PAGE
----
tag:blogger.com,1999:blog-7285684972061828388.post5430190669654387939..comments2019-01-18T09:46:48.549-06:00Comments on Unexpected Homeschool: Our 10th Grade Plans (Virtual Homeschool Fair 2018 - Week 3)Christy Schaeferhttps://plus.google.com/114996363133148305964noreply@blogger.comBlogger5125tag:blogger.com,1999:blog-7285684972061828388.post-9998489065101424702018-01-23T23:52:29.371-06:002018-01-23T23:52:29.371-06:00I lean toward English subjects too, so she's a...I lean toward English subjects too, so she's a girl after my own heart! My kids are not in high school yet, but I love seeing how others create a course of study based around unique needs and interests! It gives me inspiration and hope that I can do it too!Brittney Mom's Hearthttps://www.blogger.com/profile/09503081219405919035noreply@blogger.comtag:blogger.com,1999:blog-7285684972061828388.post-88976156011588756122018-01-22T21:47:10.095-06:002018-01-22T21:47:10.095-06:00Thanks for responding to my comment, Christy. Goo...Thanks for responding to my comment, Christy. Good luck with the independent studies. I am amazed at the amount of high-level work you and Amber are able to accomplish. If you ever want to email me, it's fitzgewj at jmu.edu . Jeanne Fitzgeraldhttps://www.blogger.com/profile/10460670113094621799noreply@blogger.comtag:blogger.com,1999:blog-7285684972061828388.post-52857034957127679382018-01-21T20:40:09.493-06:002018-01-21T20:40:09.493-06:00Actually, the more I think about it and look at th...Actually, the more I think about it and look at those books on Amazon, the more I think this might actually work for Amber. I'll need to work out the specifics this summer, but I think she can just do independent studies in math and we will document specifically what topics she covers. Thank you!Christy Schaeferhttps://www.blogger.com/profile/00844686023573051133noreply@blogger.comtag:blogger.com,1999:blog-7285684972061828388.post-25295905574554001032018-01-21T20:06:07.061-06:002018-01-21T20:06:07.061-06:00Thanks for your suggestion, I did look into it pre...Thanks for your suggestion, I did look into it previously. Neither the local community college or the university where she wants to attend has a math course anything like you described. The classes are all either courses getting you ready for college algebra, or require college algebra as a prereq. Excepting the consumer math course at her desired university, which is what she plans to take as her one required math class. <br /><br />We also are not going to have her do any college work before she graduates. There are exams required of high school students for admittance that she is not going to take. She has an extensive list of accommodations too. It's really more than we can handle at the moment.<br /><br />I will take a look at those books and maybe see if I can put together something for her from that. It's a great idea!! Thanks. We've tried computers several times, since her dad and I have computer science degrees. She wants nothing to do with it. She's barely computer literate. <br /><br />The science we are planning to do includes a book on mathematics. I haven't been able to go through the set yet, but I might be able to use it as part of a math course and just have her do the chemistry and physics for science. <br /><br />All good ideas you have and I thank you for the input. I really just need to get her that credit for her transcript, and then her accommodations will help with the single required math class (consumer math).<br />Christy Schaeferhttps://www.blogger.com/profile/00844686023573051133noreply@blogger.comtag:blogger.com,1999:blog-7285684972061828388.post-66841444482136378692018-01-21T18:37:25.841-06:002018-01-21T18:37:25.841-06:00Hi Christy,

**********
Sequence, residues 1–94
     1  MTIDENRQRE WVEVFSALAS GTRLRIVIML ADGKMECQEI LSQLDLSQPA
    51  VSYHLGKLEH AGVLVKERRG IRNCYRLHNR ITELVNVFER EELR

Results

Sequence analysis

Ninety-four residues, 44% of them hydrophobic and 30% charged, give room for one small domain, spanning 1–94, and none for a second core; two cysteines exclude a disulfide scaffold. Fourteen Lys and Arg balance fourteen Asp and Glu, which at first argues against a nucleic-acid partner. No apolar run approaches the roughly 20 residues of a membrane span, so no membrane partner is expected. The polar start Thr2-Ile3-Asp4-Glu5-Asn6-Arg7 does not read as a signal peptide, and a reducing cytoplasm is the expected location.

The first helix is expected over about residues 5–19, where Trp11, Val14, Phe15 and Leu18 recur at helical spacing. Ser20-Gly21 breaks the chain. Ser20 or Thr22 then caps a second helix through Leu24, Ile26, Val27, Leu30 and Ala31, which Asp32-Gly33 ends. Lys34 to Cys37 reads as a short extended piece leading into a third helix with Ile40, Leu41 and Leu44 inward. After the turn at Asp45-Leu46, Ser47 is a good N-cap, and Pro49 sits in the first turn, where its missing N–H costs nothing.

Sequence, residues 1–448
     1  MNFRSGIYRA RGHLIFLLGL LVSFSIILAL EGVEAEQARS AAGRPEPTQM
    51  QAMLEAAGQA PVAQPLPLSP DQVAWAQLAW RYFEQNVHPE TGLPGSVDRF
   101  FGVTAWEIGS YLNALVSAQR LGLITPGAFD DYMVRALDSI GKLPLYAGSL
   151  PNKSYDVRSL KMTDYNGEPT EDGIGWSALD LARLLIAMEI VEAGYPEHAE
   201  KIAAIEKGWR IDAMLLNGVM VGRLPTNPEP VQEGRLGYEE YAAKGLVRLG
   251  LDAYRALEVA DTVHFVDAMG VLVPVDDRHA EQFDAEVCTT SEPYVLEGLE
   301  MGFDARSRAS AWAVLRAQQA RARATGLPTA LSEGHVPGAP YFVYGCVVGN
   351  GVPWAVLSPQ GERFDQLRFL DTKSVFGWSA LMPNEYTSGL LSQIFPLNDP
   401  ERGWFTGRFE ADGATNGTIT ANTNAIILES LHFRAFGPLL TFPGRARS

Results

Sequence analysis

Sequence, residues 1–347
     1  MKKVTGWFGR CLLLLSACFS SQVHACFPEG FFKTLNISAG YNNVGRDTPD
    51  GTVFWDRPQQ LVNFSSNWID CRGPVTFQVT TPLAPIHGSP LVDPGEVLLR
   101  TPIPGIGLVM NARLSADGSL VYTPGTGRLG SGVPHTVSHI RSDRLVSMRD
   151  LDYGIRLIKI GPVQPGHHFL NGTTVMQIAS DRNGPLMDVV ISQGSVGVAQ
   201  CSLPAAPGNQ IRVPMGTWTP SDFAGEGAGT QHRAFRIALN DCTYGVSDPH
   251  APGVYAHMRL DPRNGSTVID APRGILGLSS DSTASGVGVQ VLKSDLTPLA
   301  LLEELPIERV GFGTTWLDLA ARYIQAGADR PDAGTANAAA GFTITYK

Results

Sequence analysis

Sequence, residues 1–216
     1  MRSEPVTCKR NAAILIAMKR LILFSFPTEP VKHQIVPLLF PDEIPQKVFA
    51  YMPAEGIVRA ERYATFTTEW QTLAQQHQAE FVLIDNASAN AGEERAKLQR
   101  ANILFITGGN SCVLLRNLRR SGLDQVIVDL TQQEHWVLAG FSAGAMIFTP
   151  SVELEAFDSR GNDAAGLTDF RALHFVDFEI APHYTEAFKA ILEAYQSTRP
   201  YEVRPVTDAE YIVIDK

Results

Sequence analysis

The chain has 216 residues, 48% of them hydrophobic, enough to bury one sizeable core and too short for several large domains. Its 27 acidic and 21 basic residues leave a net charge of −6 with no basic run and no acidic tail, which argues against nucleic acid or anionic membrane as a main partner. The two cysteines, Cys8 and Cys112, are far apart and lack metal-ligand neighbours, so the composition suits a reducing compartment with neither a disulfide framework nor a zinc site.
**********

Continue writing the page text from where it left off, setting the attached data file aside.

This might not work for Amber, but le...Hi Christy,<br /><br />This might not work for Amber, but learning a little about mathematical/computational linguistics might appeal to her as a mathematics course. She would bring her passion and ability at languages to it, and that might give her the impetus to learn a bit about computer programming, and I believe you said once that both you and your husband are good with computers, so you could assist.<br /><br />I mentioned this once before in a comment, but for people like Amber I highly recommend the course given at almost all universities, called something like "Math for Poets" or "Math for Liberal Arts" or "Mathematical Ideas". This course (when taught correctly and compassionately) removes the fear of mathematics and allows the students to use their strong verbal abilities to understand and appreciate some interesting mathematical ideas. The level of actual computations used and expected in this course is usually only at the elementary school level, but students should be able to reason logically. Amber seems very bright, and at 10th grade or certainly by 11th grade she should be eligible to take a freshman-level class at a college. If you talk with the math department chairperson, I think you will find him or her sympathetic and helpful. Certainly a college math course would count towards high school graduation. The book "Mathematics: a Human Endeavor" by Harold R. Jacobs is a typical textbook for a course like this. This is the book that changed me from someone who hated math (I was majoring in German) to someone who eventually earned a Ph.D. in math.<br /><br />Also, take a look at the book "The Number Devil" by Hans Magnus Enzenberger to see how some important mathematical ideas can be expressed in a story. Also, the math portion of "The Phantom Tollbooth" by Norton Juster does something similar. Amber might like doing a project, like writing a paper, on a selection of books like these. I would count such a project as an independent study in mathematics.<br /><br />Best wishes to you as you help such a bright, creative young woman grow up and meet her goals!<br /><br />Jeanne Fitzgerald <br />Retired math professor<br /><br />Jeanne Fitzgeraldhttps://www.blogger.com/profile/10460670113094621799noreply@blogger.com